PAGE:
I assume they’ve proved they can carry – or at least hold – a cross for thirteen mississippies. The rest of the stations lie underground – where they should be from the beginning.

If there ever was such a thing: crosses are heavy, and Romans were a very organized people. If they had – and I do not doubt they did – a place for crucifying dissidents the most economic and easiest way would have been to have a handful of crosses all ready at the crucifixion place. Making prisoners take their own crosses to the crucifixion place would be a waste of time, resources and effort. And probably this means blasphemy to someone, so I’d better stop right here, on top of the Holy Sepulchre. Why does the Path end at the top of the Holy Sepulchre?

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We continue through the market looking for markers, all right I confess I stop at every stall; I want to buy something for the kids and well, I don’t want a “I <heart> Jerusalem” tee-shirt.

Fifth station located. Now it’s time to know what’s it all about. Apparently someone called Simon carried or helped Jesus to drag his cross – the inevitable chapel is nearby and the inevitable Jew does not enter.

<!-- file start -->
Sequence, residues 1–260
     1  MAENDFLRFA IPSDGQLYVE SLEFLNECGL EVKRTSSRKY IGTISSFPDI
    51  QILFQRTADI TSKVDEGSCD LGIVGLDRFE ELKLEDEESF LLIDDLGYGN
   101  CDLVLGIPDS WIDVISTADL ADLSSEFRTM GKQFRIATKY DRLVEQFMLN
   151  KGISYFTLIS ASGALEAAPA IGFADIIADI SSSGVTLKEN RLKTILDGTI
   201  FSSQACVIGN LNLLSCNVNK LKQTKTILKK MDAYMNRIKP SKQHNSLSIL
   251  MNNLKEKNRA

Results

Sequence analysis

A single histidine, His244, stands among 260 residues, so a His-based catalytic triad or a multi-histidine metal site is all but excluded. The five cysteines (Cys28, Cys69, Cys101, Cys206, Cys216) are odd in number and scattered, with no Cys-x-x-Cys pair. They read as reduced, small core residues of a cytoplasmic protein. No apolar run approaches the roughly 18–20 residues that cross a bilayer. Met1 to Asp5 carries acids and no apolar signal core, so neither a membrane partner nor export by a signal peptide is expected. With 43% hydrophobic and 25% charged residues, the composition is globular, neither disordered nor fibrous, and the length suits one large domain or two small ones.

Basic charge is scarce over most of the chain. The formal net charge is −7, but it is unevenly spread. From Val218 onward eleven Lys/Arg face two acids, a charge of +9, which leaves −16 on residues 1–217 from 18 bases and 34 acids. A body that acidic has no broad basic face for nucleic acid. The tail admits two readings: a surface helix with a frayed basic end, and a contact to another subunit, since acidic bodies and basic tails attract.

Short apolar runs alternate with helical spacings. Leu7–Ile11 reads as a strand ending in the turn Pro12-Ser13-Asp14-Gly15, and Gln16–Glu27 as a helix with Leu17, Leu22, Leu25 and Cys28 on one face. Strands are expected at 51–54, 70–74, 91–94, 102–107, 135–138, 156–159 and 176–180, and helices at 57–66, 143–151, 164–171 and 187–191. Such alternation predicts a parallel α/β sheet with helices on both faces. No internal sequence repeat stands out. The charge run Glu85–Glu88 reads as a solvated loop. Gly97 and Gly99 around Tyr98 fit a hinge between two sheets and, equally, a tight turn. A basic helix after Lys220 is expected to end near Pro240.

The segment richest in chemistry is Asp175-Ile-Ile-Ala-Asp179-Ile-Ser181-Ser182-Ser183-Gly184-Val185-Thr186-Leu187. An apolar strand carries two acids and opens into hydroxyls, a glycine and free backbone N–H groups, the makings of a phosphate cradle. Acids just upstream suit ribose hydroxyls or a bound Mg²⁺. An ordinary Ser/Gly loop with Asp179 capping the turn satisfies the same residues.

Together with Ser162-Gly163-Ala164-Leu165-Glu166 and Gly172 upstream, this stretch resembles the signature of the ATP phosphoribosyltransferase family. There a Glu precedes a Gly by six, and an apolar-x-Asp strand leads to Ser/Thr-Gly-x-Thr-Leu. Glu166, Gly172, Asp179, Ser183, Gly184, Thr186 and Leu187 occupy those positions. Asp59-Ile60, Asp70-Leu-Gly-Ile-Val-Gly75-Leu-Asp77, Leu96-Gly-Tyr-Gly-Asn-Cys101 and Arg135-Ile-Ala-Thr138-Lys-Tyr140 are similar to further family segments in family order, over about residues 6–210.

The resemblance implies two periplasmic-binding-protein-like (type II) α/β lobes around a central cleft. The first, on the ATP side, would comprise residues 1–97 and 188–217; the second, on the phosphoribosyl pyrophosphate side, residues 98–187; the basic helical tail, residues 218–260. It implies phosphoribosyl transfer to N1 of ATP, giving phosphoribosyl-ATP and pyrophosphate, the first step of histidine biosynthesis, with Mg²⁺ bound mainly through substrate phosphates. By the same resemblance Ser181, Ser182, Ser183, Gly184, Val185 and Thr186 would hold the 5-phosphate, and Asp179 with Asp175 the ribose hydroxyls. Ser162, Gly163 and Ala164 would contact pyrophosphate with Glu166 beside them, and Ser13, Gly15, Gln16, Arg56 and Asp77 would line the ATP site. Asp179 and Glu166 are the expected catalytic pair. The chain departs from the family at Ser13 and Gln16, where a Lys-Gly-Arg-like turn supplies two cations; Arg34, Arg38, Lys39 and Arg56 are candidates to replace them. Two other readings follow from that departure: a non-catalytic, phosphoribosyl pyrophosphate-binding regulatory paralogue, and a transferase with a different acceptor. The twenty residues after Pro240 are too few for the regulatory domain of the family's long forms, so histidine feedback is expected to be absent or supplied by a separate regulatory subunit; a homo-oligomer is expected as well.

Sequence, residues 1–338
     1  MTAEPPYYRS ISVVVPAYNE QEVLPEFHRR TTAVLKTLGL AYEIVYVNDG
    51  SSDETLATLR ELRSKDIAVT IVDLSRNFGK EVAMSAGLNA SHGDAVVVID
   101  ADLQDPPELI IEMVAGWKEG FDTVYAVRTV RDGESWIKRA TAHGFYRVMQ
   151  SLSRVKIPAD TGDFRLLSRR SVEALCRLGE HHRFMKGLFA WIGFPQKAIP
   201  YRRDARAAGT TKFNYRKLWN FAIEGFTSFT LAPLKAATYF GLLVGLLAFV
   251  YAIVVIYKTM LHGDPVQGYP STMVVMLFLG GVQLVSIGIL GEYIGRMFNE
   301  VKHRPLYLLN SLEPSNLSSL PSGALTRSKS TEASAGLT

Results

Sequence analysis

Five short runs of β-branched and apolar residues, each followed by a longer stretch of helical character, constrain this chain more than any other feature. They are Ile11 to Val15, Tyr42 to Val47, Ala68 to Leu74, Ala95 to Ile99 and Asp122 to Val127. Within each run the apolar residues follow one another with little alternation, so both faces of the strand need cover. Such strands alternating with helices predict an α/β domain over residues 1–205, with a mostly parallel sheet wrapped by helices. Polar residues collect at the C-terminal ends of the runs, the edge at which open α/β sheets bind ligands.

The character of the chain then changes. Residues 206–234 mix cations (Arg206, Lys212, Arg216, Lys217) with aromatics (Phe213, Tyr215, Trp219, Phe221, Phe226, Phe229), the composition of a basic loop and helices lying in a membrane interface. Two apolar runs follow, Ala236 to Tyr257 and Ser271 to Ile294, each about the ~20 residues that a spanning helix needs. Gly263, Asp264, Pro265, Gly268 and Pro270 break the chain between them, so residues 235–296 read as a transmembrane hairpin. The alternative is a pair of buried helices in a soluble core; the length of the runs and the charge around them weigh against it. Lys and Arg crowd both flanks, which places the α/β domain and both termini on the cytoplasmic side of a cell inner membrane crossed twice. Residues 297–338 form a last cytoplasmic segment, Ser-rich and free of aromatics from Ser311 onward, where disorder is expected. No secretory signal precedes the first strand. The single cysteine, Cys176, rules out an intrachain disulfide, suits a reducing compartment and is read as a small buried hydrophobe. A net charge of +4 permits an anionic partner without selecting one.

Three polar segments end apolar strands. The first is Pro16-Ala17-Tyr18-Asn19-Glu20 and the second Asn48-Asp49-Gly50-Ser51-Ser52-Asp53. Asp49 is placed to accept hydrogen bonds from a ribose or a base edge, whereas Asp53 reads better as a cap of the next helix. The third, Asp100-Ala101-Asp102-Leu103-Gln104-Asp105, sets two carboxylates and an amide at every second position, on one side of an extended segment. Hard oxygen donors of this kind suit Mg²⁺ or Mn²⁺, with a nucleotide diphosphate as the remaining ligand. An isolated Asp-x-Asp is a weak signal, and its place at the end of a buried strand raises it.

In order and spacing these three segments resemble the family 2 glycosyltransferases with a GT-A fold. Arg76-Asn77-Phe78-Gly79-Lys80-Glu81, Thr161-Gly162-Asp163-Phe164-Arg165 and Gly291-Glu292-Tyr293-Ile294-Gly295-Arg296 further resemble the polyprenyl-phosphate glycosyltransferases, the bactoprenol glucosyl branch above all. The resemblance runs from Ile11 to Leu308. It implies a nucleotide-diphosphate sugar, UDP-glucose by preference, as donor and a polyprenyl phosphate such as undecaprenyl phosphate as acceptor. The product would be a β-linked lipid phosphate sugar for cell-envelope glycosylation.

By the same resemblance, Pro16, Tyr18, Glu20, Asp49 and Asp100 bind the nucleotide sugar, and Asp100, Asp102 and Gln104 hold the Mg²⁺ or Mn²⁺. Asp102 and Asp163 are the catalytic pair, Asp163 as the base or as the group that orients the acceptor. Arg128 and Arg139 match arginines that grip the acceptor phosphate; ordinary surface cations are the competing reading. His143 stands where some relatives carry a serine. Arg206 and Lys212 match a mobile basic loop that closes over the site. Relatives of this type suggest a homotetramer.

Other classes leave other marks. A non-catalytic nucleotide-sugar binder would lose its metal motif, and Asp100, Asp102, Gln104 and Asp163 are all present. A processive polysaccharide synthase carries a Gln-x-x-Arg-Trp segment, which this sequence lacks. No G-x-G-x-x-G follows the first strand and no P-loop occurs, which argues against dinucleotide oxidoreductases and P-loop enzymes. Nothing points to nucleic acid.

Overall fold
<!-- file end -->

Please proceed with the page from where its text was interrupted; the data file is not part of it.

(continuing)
My Latin is not that bad; I haven’t studied it for years but I can still read it – a little bit. I doubt I could translate Cicero now.

Another stop now to drink more mint tea and buy some more water bottles. We need to drink a lot, it’s really too hot.

I don’t know what happened here (possibly some crusaders fought  some other crusaders) but there is a church nearby. Roman Catholic, Greek Orthodox, Ethiopian, I’m utterly lost. Bet the others are as lost as I am, though I am becoming an expert in Latin and decipher that someone called Veronica wiped Jesus’ face, er, “here”.

We need now to find the seventh, and we are getting hungry. I want to get some falafel from any of the street stalls, but my colleagues prefer a restaurant because they think it’s more hygienic or so. Anyway, while we discuss it we find the next station:

There is an old cross with a  hole under it; if there is a church nearby, I can’t see it (I’m too busy eating my falafel).

And, while I very unhygienically lick my fingers and drink the last of my water, we find the ninth.  Or quite – we need to go inside yet another church.  And then the rest of my mates decide to have lunch on a terrace.

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We decided next to follow Jesus Christ’s walk  carrying his cross. It was my mates’ decision, as I cannot imagine how any dissident rabbi condemned to be crucified by the Romans could walk, crossed or not, through streets that were built during the Middle Ages.

Apparently each spot is marked:

so it should be easy to follow this alleged path. Well, it isn’t. Most of the marks are scattered through the market, and the market is more than full: it’s overbooked. So, armed with the National Geographic guide, we started our walk.  The Via Dolorosa, or the Path of Grief.